Energy derived from biomass supplies almost 30 times as much total energy (electric and non-electric power) in the United States as wind and solar energy combined. Biomass is a renewable resource because it is derived from plant materials, such as tree and grass crops and animal and urban wastes. Production of alternative fuels, such as ethanol, methanol and biodiesel are the most common forms of biomass application. However, electric power production using biogas derived from landfills, wastewater treatment facilities, and livestock operations has reached a level comparable to that derived from wind power. As a matter of fact, with about 9,730 MW of installed capacity in 2002, biomass power was the leading alternative generating resource in the country. Since then, of course, wind power has taken over as the leader.

In the year 2000, direct-fired biomass energy cost 7.5 /kwh and gasification-based biomass energy cost 6.7 /kwh. The cost of biomass energy has stayed relatively steady since the 1980s.

Geothermal Energy

Geothermal plants utilize the steam and hot water trapped in underground wells and reservoirs to drive turbines for power generation. Among the advantages are less environmental pollution and very little land use for the amount of power generated. However, the drawback lies in the fact that well-developed geothermal sites are not frequently available. The largest electricity producing geothermal plants in the world are located in the Geysers area in Northern California. Total installed capacity amounts to about 1,100 MW, having peaked at 1,967 MW in 1989. Total worldwide capacity is in excess of 8,000 MW.

The cost of geothermal electricity in the United States ranges from 5 /kwh to 8 /kwh. These costs are steadily declining due to technological improvements. The Geysers sells power at 3 to 3.5 /kwh. A geothermal power plant built today would require about 5 /kwh to be economic.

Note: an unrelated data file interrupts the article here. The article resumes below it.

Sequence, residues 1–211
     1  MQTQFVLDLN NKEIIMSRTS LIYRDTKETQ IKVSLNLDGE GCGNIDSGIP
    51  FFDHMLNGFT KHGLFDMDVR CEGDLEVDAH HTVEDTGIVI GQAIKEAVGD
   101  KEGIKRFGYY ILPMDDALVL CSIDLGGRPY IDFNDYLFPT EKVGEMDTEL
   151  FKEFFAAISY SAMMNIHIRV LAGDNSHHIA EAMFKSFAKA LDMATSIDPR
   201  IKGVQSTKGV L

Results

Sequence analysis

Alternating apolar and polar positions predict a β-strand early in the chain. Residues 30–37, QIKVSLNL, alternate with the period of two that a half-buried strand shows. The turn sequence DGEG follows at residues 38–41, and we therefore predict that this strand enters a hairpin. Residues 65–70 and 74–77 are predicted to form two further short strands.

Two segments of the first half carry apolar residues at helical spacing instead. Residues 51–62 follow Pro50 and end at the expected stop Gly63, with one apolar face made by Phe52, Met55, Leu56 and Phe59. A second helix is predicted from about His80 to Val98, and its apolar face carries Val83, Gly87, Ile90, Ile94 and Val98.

Fuel Cells

An electrochemical device, a fuel cell converts the chemical energy in hydrogen into electrical energy. It functions similar to a battery, except that the fuel has to be continuously fed into the cell. The fuel cell consists of two electrodes, anode (negative electrode) and cathode (positive electrode) separated by an electrolyte. Hydrogen is fed into the anode where electrochemical oxidation takes place and oxidant (Oxygen) is fed into the cathode where electrochemical reduction takes place to produce electric current that can be directed externally to power a load. Each electrode is coated by a catalyst that speeds up the chemical reactions. Water is the primary product of the cell reaction.

Fuel cells are classified in accordance to the type of electrolyte used. Two popular types of electrolytes are the Proton Exchange membrane, which may be used in low temperature applications such as in vehicles, and the phosphoric acid electrolyte, used in higher temperature applications, such as in combined heat and power.